|Charlie St. Cloud (2010)|
|Blu-ray Romantic Drama|
|Written by Noah Fleming|
|Monday, 22 November 2010|
This is a romantic supernatural film that isn't actually that bad for casual movie watchers. While all the twists and turns are entirely predictable, it may actually make a great date movie. Keep a tissue box on hand though. Other than its predictability what drives me nuts is the paper-thin reenactments of the tragedies. It is not to say the acting is bad, but the script is transparent and doesn't allow the actors to develop.
Another issue I have with the film is its pace. It fluctuates all over the place making the audience struggling to find a foothold. However, those that take the film for what it is will actually find several of the sequences engaging. The film has its good and its bad.
Charlie St. Cloud (Zac Efron) is a small town teen graduating from high school with a scholarship to college for sailing. Charlie's little brother is Sam and he idolizes Charlie. When a stereotypical car accident claims the life of Sam, Charlie can't forgive himself and finds himself giving up his life to keep a promise he made to his brother before his death. Every day at sunset he meets Sam in the woods to play catch with him. Of course, the deal was only for the summer, but Charlie keeps it going for five years, and with the ghost of his brother nonetheless.
Charlie gave up his scholarship to Stanford to become a caretaker of the cemetery at which his brother was buried. Charlie seems happy enough with his life, but then Tess (Amanda Crew) enters his life, a girl he knew back in high school. She has become a famous sailor and is preparing for her race around the world.
Charlie begins to struggle to keep his appointments with his deceased brother while attempting a relationship with Tess. Of course, the script has to place Tess in danger in order to get Charlie to confront his past and move on. So really the film is a love story that uses tragedy all around to bring the couple together.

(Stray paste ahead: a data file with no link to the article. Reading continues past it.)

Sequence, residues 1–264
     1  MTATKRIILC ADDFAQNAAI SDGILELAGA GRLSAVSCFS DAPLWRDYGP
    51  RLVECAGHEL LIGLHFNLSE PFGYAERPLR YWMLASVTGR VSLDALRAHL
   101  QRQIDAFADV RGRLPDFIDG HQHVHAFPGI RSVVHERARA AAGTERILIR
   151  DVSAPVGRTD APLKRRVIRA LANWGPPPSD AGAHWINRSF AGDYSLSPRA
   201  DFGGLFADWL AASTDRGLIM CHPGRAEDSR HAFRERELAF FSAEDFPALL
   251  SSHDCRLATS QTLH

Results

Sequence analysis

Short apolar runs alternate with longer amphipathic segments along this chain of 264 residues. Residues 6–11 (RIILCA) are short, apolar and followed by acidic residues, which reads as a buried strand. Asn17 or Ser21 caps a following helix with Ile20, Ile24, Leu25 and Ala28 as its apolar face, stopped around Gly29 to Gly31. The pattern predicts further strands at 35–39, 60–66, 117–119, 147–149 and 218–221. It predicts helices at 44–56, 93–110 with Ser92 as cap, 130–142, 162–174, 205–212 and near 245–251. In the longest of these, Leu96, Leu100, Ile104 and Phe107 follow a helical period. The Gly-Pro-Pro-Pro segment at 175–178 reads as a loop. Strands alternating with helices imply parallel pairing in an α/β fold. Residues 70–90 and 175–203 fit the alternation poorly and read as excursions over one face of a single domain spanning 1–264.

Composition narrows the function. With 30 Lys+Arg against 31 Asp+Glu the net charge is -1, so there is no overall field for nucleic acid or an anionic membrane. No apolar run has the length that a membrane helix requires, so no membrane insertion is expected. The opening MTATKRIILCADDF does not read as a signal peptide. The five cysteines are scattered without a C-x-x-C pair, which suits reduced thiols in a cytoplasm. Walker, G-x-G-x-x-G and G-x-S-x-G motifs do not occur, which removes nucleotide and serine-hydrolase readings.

All is problems and faults aside, "Charlie St. Cloud" offers some entertainment value that will surely capture those that are predisposed to romantic dramas and supernatural films.
The video transfer of "Charlie St. Cloud" is not that spectacular unfortunately. The colors are lush and warm. Sunsets on Puget Sound are terrific. However, details are quite hit or miss. Wide shots suffer from major softness. While the image does retain a nice filmic quality, the inconsistencies make the viewing experience a bit jarring. Edges appear to have been enhanced in some cases. While there is no major artifacting in the image, there a few instances on image anomalies. Shadow delineation is decent but many details are still lost. Black levels remain consistent but are not as deep and resolved as they should be. Fleshtones are the most accurate aspect of the image. The contrast and brightness levels fluctuate a bit, but don't really impact the viewing experience. On the whole this is an above average transfer, but it lacks the ultimate hi-def treatment.
The DTS-HD MA 5.1 audio track is much more powerful than the image quality. The LFE channel gets substantial use with the sunset cannons that are repetitive throughout the film. Dialogue remains clear from beginning to end. The rear speakers contain mainly ambience and enveloping material, however it is more aggressive than any other film in this genre that I have heard on Blu-ray. While there isn't much in the way of discreet effects and panning during the film, limiting the immersive aspect of the track, envelopment is terrific. The dynamic range only gets used really once during the film, during the car accident. The frequency response is smooth. You will likely find that this audio track surprises you with how good it is, especially compared to the video quality and the film quality.
In terms of special features the disc contains some standard material for the genre and popularity of the release. There is a boring director's commentary track that will delight few. There are about 10 minutes of the deleted scenes. "On Location with Zac Efron" is a basic "cast speak about the film" featurette. "Zac Efron, Leading Man" is about Efron's evolution from Disney star to dramatic role. "The In-Between Look" is a standard making-of featurette. Finally, there is a Bonus View movie, BD-Live function and pocketBLU.
"Charlie St. Cloud" is a must for the Nicholas Sparks' fans out there, but will leave many other moviegoers yawning. The video quality is not so spectacular, but the audio quality will impress. This is at least worth a rent.